'The Bog Baby' by Jeanne Willis and Gwen Millward is one of our favourite picture books, being that rare beast that can captivate both a seven-year boy and a three-year old girl time and time again. I couldn't count how many times I've read this to the kids, but it still brings a tear to my eye too (in a good way!!).
An enchanting and beautifully illustrated story, 'The Bog Baby' is about two sisters who sneak off on a forbidden trip to a pond in a bluebell wood to fish for newts, but catch a bog baby instead. Small and blue, with wings like a dragon, they fall in love with this magical little creature, and take him home to care for in secret. At first, it's all great fun.
But the bog baby is a wild thing and, kept in a bucket and fed on cake crumbs, he begins to pine away. The girls must choose whether to keep their secret or admit their original naughtiness to their mother and ask for help saving their beloved pet. This is when they learn that hardest lesson; loving something sometimes means letting it go.
Perfectly capturing the matter-of-fact, innocent voice of young children, the story is simply narrated by the youngest sister (sweetly illustrated in her red pinafore and wellies). She starts the story telling us that "Long ago, when we were little, me and Chrissy did something bad." My kids, like most I know, adore tales of naughtiness (there's one in particular they both love, involving their mother-as-a-child and the big, red, 'stop' button on a Parisian department-store escalator...), and this admission of guilt hooks them right from the beginning. The narrator, making us co-conspirators after the event, then tells us exactly what bad thing it was they'd done - "We said we were going to Annie's house to play, but we didn't."
What they did instead, of course, was head into the spring-time woods for a fishing trip, but this first lie (which has been known to bring gasps of outrage from my extremely honest son, though not from his more pragmatic sister) has consequences later on when the girls need help caring for the bog baby they catch on their expedition.
It's one of the many great talking points in the book - was it wrong to lie? Why was fishing in the woods forbidden? How did the sisters feel about it when they finally told their mum? Yet the situation emerges very naturally and conversationally as part of the story.
This is also a great book to get kids thinking about the needs of wild creatures, and what it means to be free. The bog baby itself is of course a fantastical and purely magical creature, and that allows Willis and the illustrator, Gwen Millward to give it a range of very human expressions that help children empathise with its predicament even as they might still identify with the mischievous sisters. Responding with bewildered calm to its' abduction, the bog baby is only ever gentle, and seems to bond with its' new owners.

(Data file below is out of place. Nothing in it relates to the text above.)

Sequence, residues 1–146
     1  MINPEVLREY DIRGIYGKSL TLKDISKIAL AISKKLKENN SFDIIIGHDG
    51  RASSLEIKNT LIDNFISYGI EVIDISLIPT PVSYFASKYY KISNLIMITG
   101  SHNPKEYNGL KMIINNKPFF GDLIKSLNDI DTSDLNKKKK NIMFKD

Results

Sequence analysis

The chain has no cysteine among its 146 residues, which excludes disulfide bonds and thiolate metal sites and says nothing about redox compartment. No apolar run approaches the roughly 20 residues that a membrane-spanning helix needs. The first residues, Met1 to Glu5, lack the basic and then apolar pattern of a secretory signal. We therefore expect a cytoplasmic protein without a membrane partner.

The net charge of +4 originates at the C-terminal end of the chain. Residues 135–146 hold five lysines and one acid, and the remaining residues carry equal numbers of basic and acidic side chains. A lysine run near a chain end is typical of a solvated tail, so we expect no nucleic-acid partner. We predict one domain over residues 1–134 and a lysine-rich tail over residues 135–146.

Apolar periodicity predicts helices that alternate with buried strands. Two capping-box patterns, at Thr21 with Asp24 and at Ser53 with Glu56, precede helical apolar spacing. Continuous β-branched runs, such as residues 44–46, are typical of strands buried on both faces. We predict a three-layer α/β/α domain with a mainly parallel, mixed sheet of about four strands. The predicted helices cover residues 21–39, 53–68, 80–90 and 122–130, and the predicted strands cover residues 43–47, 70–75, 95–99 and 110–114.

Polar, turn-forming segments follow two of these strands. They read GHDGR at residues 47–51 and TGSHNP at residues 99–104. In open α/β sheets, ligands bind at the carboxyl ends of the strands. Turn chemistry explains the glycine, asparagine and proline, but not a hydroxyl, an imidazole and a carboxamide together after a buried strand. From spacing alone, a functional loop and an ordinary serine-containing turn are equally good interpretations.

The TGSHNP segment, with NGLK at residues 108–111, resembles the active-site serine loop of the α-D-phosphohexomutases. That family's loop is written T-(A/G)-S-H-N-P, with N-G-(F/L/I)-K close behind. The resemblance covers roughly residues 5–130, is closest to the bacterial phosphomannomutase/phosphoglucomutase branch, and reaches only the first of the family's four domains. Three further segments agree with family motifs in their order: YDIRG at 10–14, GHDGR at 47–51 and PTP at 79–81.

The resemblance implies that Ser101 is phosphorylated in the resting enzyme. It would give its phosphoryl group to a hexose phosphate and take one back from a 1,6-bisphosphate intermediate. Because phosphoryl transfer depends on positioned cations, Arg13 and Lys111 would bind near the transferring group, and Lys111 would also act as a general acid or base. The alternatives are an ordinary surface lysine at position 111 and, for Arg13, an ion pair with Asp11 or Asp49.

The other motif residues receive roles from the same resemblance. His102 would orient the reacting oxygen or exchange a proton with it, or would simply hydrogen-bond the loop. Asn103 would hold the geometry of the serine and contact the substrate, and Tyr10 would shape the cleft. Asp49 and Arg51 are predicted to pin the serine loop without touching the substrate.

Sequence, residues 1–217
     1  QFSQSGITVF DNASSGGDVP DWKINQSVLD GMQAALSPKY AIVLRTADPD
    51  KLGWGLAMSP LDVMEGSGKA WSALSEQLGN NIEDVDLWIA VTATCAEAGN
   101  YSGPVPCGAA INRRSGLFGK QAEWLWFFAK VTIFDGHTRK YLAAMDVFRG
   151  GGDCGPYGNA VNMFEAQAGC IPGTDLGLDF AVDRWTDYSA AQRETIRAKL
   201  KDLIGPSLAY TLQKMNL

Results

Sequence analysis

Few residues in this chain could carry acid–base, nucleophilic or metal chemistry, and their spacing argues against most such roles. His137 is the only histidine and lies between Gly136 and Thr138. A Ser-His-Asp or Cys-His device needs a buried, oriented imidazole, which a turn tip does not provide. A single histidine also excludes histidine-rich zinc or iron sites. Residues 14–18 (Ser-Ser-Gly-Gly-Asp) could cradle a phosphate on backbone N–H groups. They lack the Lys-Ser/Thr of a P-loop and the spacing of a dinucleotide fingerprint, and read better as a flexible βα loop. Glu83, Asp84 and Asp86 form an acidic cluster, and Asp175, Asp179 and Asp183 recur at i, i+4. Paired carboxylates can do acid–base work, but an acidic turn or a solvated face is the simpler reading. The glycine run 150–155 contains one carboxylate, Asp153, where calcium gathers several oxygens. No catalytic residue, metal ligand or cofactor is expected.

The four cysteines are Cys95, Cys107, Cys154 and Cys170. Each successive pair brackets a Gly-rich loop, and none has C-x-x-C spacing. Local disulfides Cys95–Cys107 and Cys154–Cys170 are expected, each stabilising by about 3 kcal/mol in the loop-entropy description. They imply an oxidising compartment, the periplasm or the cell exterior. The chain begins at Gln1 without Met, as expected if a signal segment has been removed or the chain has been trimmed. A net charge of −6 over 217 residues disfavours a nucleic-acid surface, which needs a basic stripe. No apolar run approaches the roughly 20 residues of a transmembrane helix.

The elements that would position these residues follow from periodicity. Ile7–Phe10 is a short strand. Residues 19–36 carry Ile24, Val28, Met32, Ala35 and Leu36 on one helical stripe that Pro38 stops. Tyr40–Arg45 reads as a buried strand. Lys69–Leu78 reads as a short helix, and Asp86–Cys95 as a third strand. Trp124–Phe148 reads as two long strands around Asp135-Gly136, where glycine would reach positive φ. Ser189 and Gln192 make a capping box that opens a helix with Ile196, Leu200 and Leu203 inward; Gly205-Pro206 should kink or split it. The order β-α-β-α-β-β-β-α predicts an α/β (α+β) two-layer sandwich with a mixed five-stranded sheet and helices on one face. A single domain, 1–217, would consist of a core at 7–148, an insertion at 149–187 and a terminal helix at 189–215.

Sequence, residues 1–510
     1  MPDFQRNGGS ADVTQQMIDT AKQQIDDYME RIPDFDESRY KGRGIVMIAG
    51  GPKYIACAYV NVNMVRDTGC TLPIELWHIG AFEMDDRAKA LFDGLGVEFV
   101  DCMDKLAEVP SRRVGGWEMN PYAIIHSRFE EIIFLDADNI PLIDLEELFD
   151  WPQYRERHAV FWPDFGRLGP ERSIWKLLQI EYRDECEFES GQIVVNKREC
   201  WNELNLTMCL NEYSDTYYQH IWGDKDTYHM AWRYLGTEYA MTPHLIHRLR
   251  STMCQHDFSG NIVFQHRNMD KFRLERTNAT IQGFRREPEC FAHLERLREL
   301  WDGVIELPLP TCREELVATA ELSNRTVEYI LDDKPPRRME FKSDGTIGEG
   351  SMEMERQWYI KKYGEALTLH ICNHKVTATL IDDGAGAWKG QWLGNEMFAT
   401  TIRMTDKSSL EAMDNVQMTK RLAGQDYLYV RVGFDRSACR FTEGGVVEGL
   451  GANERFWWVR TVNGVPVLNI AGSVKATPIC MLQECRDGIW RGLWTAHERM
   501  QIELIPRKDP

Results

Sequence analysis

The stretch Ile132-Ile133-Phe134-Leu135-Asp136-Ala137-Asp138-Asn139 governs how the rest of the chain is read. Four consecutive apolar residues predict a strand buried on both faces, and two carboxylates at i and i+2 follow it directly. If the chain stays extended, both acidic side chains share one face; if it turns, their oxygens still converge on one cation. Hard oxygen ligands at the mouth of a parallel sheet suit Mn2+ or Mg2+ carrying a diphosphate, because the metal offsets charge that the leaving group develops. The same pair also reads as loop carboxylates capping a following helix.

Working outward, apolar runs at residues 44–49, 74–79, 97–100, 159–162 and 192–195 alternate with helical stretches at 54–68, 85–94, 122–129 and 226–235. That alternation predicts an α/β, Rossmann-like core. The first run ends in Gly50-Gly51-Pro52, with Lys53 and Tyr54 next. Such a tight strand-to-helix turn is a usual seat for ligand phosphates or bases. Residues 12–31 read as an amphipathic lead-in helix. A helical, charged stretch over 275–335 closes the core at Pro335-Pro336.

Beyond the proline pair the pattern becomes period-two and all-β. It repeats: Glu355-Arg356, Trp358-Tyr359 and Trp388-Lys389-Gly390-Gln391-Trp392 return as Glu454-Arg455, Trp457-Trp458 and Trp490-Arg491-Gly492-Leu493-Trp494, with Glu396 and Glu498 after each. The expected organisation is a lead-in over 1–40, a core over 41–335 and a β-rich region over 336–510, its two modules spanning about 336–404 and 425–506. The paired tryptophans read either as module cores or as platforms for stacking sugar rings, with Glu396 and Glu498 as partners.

But trips to the school in a margarine tub or walks on the end of a leash can't compare to floating free in a muddy pond, sucking its toes. The bucket home that the girls decorate for it is very nice, but my children were quick to understand, as I think most kids would, that this can't compare to what the bog baby has lost. Bog babies aren't meant, after all, to live in buckets or eat cake crumbs.
This is a very gentle and beautiful book, with a touch of melancholy leavened by humour, and thankfully with a happy end! There are some simple but profound messages on freedom and responsibility, secrets and the consequences of actions, handled in a forthright way that makes it all just part of the story without seeming overly preachy. And while the illustrations are undeniably stunning, the story is also masterfully written. Little details like the squeaking of the bluebells underfoot evoke the whole sensory experience of the woods without drowning the story in unnecessary verbiage. The language is simplistic enough to evoke childhood without being patronising, and makes the text easily accessible even for very young children like T-Bird, while still having enough depth to satisfy older kids like her avid-reader big brother too.
'The Bog Baby' is quite honestly one of my all time favourite kids' books (and I've read an awful lot of them!). But of course, more tellingly and importantly, it's also one of my kids' favourites too. I'm happy with that - I hope the magic stays with them until they're old enough to tell their own children about bog babies. And when T-bird and I go pond dipping next week, I know what we'll both be hoping to find - though of course we'd let it go again straight afterwards!
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